In recent weeks, we have had a number of questions from employers about employees who have advised the company that they are awaiting results of COVID-19 tests, and they ask whether they should report to work. The response to this situation depends on the context for the testing, as well as the employee’s specific duties.
In situations where the testing was prompted by the employee experiencing symptoms consistent with COVID-19, the employee should clearly remain away from the workplace pending test results and other medical clearance. Employees in this situation may also be entitled to paid emergency medical leave under the Families First Coronavirus Response Act (FFCRA). In other cases, however, the testing is required for reasons other than symptoms or exposure, such as employees with upcoming unrelated outpatient medical treatment. In those situations, the employer may allow the employee to return to the workplace due to the lack of reasonable suspicion of COVID-19 exposure.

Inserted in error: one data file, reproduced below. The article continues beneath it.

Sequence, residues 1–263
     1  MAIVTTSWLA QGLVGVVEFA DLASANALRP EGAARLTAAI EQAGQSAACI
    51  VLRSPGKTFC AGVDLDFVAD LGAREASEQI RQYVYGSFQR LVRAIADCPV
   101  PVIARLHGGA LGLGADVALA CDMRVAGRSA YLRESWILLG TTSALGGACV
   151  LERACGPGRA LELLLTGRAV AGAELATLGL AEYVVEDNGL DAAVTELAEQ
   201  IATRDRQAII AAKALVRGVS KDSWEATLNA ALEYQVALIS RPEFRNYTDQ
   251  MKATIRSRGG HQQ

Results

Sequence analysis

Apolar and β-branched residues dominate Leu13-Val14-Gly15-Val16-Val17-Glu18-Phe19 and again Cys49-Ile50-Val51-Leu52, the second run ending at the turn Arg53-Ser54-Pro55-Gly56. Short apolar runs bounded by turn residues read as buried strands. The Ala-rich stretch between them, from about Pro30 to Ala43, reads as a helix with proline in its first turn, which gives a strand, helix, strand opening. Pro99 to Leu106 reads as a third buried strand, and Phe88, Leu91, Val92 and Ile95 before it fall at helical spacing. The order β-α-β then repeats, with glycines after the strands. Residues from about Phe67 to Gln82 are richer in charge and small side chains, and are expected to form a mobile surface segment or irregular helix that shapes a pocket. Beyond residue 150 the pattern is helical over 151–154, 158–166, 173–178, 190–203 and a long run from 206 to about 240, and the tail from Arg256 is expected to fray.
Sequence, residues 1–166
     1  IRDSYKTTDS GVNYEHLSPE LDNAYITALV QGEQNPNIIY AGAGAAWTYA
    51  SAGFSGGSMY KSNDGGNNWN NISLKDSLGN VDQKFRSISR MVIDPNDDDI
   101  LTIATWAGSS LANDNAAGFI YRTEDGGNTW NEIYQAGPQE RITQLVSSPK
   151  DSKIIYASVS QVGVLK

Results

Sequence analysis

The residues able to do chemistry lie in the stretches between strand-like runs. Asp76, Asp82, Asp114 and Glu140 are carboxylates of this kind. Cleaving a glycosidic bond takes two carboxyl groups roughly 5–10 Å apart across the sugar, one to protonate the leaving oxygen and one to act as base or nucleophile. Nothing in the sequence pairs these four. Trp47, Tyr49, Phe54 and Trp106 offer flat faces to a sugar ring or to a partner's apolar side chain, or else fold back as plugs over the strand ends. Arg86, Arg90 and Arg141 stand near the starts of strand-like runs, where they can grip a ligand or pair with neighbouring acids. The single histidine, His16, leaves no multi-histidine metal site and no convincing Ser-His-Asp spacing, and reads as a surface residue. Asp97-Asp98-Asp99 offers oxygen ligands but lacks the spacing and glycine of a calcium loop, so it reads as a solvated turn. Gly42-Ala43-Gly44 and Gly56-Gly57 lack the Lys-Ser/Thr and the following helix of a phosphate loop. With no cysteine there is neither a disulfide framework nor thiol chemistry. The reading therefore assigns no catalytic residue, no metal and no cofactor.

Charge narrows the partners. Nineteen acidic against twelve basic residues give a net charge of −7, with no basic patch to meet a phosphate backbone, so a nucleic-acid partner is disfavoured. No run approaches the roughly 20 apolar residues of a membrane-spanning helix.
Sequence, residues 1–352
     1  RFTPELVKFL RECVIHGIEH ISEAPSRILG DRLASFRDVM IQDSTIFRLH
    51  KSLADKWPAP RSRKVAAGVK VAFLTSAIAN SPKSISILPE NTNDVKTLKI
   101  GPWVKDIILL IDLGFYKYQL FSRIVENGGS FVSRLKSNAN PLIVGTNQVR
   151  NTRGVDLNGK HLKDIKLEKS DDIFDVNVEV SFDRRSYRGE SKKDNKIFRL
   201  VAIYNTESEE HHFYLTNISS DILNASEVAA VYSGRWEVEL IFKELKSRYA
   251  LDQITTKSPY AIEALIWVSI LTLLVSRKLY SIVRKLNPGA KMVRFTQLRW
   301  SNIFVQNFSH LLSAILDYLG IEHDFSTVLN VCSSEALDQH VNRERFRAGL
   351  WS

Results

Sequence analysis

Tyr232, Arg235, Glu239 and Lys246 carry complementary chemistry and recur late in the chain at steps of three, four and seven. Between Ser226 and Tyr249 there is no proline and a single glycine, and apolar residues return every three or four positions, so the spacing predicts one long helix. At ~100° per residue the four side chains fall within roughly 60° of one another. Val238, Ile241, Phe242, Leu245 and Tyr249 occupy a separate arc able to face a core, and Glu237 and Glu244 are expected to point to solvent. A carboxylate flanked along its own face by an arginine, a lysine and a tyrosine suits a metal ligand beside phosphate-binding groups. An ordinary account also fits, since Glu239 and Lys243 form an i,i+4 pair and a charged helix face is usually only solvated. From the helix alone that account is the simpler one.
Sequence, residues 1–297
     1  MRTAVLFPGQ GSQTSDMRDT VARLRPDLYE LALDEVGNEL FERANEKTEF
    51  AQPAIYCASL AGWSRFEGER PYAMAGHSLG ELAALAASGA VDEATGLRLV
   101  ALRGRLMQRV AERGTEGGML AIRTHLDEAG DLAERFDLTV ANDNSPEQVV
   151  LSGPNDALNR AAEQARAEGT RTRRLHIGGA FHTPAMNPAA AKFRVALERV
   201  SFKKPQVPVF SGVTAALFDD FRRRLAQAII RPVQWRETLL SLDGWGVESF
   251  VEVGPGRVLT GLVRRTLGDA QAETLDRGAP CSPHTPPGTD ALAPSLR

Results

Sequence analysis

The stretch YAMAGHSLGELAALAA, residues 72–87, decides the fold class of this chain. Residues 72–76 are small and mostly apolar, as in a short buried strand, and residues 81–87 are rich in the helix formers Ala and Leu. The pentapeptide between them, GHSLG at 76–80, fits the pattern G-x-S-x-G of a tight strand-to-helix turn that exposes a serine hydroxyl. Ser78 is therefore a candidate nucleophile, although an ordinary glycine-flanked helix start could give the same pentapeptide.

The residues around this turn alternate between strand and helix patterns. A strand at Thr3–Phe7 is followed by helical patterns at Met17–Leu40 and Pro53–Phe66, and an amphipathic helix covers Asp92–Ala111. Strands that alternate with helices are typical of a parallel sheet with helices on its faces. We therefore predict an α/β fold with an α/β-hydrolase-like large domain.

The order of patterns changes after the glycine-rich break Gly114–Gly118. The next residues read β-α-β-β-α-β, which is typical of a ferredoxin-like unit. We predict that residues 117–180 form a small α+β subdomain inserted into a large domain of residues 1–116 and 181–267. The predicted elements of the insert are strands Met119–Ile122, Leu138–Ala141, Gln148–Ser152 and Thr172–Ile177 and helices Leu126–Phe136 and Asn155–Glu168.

Other cases fall somewhere in the middle. An employee may seek a COVID-19 test due to a generalized fear of exposure, or perhaps based on a potential tangential exposure that would not otherwise present a recommendation for testing. If the employee can effectively work from home, the employer may agree to allow him or her to do so until the test results are known, out of an abundance of caution.
We have had some employers tell us they suspect that employees have sought COVID-19 tests for the specific purpose of avoiding the workplace. Assuming that the employee cannot produce medical justification for FFCRA leave, the employer may decide to require an asymptomatic employee with no evidence of direct exposure to continue working pending return of the test results.